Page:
Two lifeless machines are pushed in on the cart. In my office laboratory I replace dead parts with used components to make the computer usable once again. Can I fix these new ones?
I start my analysis of the first computer. Nope, this one is not going to make it – the motherboard has failed.
The dissection begins. Video, network, and sound cards are removed. I look over the RAM stick. Yes, that can be reused. I dig it out.
I look around my computer graveyard. There are skeletons of old towers. Stacks of useless monitors block the floor. Soon I will need to properly to dispose of this mess. But I have more important things to do.
My attention returns to the problem at hand. I begin troubleshooting the second machine. This one has a failed hard drive. I rummage through the tidy plastic drawers that hold vital computer parts. I grab a gently used hard drive and pop it into the machine.
I plug in the computer. No lightening is required (although that would be cool). It’s alive!
It is time to reformat this computer and get it student-ready.
Technical issues can derail a lesson in the computer lab.
When a math teacher tells students to turn to page 32 in the textbook, there is confidence that the content will be the same in every book, the page will not be missing, and the questions will not disappear half way through the lesson. Unfortunately, the computer teacher cannot operate with that same level of confidence. This is because often there are technical issues when teaching lessons that use the computer.
In the ideal world, there would never be any computer-related problems. The machines would always work properly, programs would not freeze, and the network would never crash. However, since this is not the case, it is a good idea to be prepared.
When a problem occurs, follow a three-step process to manage the issue:
- Step 1: Move the Student and Continue to Teach
If you are in the middle of teaching when the issue occurs, you should not stop the lesson to fix the problem. This is because the other students will become off-task while you are busy working on the computer. In addition, you will waste valuable instructional time repairing the computer instead of teaching the students. It is better to move the student with the broken computer to another machine or have them pair up with a partner. Once they are situated, you should continue the lesson. When you are finished teaching and your students are busy working on an assigned task, you can then study the problem in more detail.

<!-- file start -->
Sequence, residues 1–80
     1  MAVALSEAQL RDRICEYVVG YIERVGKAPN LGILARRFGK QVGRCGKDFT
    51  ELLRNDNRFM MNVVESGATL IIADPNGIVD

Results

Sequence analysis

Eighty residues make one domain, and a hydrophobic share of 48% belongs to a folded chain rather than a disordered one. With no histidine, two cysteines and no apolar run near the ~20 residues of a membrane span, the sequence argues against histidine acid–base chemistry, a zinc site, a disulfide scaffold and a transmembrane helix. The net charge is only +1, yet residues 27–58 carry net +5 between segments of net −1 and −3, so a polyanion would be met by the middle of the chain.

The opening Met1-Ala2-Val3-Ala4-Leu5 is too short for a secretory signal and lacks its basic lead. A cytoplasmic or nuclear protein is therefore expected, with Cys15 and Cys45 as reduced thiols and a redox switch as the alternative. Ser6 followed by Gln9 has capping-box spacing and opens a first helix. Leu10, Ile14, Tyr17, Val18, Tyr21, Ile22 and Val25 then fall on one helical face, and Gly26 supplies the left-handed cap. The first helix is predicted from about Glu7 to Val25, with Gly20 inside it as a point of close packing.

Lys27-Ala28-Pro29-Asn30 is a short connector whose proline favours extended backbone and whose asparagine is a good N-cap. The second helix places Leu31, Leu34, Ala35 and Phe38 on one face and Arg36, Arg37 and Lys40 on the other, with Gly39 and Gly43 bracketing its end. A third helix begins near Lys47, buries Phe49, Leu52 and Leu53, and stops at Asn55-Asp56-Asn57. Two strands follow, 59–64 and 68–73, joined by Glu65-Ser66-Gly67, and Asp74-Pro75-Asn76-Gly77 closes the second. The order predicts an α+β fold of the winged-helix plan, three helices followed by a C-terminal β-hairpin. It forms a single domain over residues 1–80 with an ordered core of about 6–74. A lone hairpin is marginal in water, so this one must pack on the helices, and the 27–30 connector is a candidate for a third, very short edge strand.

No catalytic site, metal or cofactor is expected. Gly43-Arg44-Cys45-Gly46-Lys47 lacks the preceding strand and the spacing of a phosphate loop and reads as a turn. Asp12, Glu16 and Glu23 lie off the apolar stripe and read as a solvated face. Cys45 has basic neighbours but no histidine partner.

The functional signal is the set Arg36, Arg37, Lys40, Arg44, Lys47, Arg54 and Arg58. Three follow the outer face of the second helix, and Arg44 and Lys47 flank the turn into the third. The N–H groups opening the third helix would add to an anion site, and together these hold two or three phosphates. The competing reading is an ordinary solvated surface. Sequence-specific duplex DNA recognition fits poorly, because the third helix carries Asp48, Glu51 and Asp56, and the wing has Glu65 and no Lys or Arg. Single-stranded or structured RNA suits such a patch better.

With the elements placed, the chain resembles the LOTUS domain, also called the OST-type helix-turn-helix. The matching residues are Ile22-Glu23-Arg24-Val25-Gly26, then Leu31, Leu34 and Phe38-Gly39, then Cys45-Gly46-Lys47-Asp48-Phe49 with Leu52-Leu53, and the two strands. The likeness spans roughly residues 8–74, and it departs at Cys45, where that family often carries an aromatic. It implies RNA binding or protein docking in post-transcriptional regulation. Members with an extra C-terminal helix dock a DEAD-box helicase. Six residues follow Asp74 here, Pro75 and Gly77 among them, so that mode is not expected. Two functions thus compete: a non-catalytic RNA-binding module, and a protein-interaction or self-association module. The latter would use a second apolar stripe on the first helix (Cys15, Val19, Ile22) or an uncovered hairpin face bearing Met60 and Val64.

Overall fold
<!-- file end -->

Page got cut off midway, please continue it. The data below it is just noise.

- Step 2: Log Information about the Problem
Your immediate response to the problem might be to restart the computer, as often this action will temporarily resolve the issue. You must resist the urge to seek a “quick fix.” Although restarting may solve the problem temporarily, it is a good idea to log the problem first. This is because computer related problems tend to be intermittent. This makes them particularly difficult to solve. For this reason, take a minute to record details about the problem. Record the computer number or other identifier, program the student was using, action the student was initiating, and the error message on the screen. This information will help to troubleshoot the problem later.
- Step 3: Troubleshoot the Problem
Even if you have limited computer knowledge, there are simple steps you can take to try to repair the computer. For example, it is a good idea to check for power or loose cables and then restart the machine. If you know a bit more about the computer, you may also want to conduct a virus scan, run disk defragmenter, and check for Windows updates. If you have an advanced skill set, you can research the error message using the Internet, check for software and driver updates, inspect for recently installed programs or updates, study the computer hard drive to determine if storage space is limited, or look at the amount of RAM to see if there is a memory problem. Once you have exhausted this list, you will need to contact a technician.
Store salvaged computer parts in clear plastic bins.
Don’t throw it out! You can extend your IT budget by salvaging components from old computers. These parts can be used to repair other equipment, saving you from having to make a new purchase.
I regularly repair computers using hardware from other machines. When a machine is no longer useable I will remove the network, video, and sound cards, as well as any RAM. These parts commonly fail and can easily be used to fix other equipment. The extra RAM especially comes in handy when I need to upgrade the memory on a donated computer.
I have a simple system for keeping everything organized. It is a portable clear plastic shelving unit. It has three drawers that are see-through. In each drawer I organize the hardware. To make it easier for me to find things I have labeled the drawers. (I love my labeler!)
I don’t keep motherboards, computer cases, or cd drives. Those parts I usually throw out. I only keep the good stuff!
Do you Salvage Computer Parts?
Am I the only one that saves old computer parts? Let me know if you also fix computers using salvaged parts? What is the downside to making a repair with used computer parts?